The new design did have some good features. By separating the intake of applications from the decision to give out benefits, it ended the previous plague of fraud in which criminals conspired with state workers to collect money illegally and divide it. But this first try failed badly to improve the worst service and error record in the country, and many measures actually got worse. Critics were right to complain, and we said so, repeatedly.
When it became clear that IBM’s design and performance were deficient, I canceled the contract. (One huge advantage of contracting for public services is that you can fire a company; you can’t easily fire an entire government bureaucracy.) We learned from the bad experience and, after extensive consultation with front-line workers and outside critics, worked with a new private partner to create a “hybrid” process, incorporating the effective features of the old and new approaches.
Gradually and carefully, beginning in January 2010, this hybrid system has been installed one by one in the ten regions of our welfare operations. Stung by the disappointment of our first reform attempt, we have said virtually nothing about our progress, moving step by step, measuring constantly and checking for any system failures.
With the entire state in the reformed system now for six months, here are the results, compared to the system as we found it in 2005:
• Timeliness of decisions across all programs has gone from 75 percent to 93 percent. For TANF, or cash welfare, timeliness has almost doubled. The backlog of pending cases has been slashed by two-thirds.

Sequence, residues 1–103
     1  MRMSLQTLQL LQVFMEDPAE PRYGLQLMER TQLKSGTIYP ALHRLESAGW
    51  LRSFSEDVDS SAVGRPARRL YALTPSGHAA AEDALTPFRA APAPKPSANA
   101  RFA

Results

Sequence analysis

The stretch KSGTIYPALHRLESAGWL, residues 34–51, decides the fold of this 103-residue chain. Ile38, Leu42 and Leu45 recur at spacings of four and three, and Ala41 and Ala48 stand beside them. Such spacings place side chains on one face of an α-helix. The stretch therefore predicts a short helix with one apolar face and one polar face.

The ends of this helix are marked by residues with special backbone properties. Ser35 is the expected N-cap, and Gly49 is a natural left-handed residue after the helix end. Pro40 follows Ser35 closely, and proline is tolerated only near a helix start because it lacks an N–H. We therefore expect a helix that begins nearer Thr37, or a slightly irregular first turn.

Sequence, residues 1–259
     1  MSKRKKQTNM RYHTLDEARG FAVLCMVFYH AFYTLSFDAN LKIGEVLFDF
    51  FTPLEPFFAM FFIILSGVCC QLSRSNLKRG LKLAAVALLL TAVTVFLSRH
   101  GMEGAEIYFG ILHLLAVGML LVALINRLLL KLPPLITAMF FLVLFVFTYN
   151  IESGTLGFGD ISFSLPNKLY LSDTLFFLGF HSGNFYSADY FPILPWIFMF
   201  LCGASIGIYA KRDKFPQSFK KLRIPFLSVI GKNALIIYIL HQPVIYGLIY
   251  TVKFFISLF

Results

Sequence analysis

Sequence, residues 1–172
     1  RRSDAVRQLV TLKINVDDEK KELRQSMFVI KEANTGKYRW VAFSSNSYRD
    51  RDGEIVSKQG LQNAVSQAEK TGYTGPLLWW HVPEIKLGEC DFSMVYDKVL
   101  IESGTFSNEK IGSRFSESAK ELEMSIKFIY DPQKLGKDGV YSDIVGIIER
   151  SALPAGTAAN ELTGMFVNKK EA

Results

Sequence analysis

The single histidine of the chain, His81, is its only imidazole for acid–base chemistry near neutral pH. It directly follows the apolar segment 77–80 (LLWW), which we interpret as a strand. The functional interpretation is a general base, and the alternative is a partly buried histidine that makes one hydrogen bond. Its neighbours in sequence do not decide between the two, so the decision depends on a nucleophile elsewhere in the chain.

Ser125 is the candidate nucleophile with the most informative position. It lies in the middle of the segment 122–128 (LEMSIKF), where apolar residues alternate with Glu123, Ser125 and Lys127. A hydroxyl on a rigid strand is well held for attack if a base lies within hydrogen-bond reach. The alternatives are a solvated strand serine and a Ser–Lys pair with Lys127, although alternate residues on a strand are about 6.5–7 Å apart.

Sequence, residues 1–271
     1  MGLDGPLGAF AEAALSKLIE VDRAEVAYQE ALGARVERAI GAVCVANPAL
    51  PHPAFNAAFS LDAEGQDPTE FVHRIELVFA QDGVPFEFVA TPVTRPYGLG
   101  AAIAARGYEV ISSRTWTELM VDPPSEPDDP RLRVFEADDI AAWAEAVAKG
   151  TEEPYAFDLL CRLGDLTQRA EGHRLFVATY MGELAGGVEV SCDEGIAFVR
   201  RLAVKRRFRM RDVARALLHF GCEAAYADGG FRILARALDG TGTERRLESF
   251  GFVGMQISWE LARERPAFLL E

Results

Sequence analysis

• Error rates for food stamps have been cut in half, from 6.6 percent to 3.3 percent. Indiana is now above national averages in all important performance measurements. And all this has happened while demand on the system exploded, from 695,000 to more than 1.3 million applicants.
• Meanwhile, we have saved taxpayer dollars, a lot of them. The new system costs more than $60 million per year less than the original would have,so the state’s investment in new systems and training is paying back handsomely.
• To top it off, the same federal department that was threatening to fine Indiana seven years ago recently awarded us a multi-million dollar bonus for improvement and excellence.
Early in my service as governor, I said, “As we have always promised, our mistakes will be made on the front foot; they will be errors of commission, not omission. We won’t duck problems just because they are hard, and when we try something that doesn’t work well enough, we’ll admit it, own up, and go back and fix it.” It was one of dozens of times I made exactly the same point, and our experience trying to make America’s worst welfare system better is probably the best single example of this activist philosophy in practice.
The criticisms leveled at our welfare modernization efforts have been, for the most part, sincere and fair. I am disappointed that it took two tries, but gratified at the success of the second try.
Now that the facts are so dramatically transformed, I trust that those who have been so critical will demonstrate their sincerity by modernizing their obsolete talking points.
Then we can all work together on the new challenge, making the best-performing welfare system Indiana has had much better yet.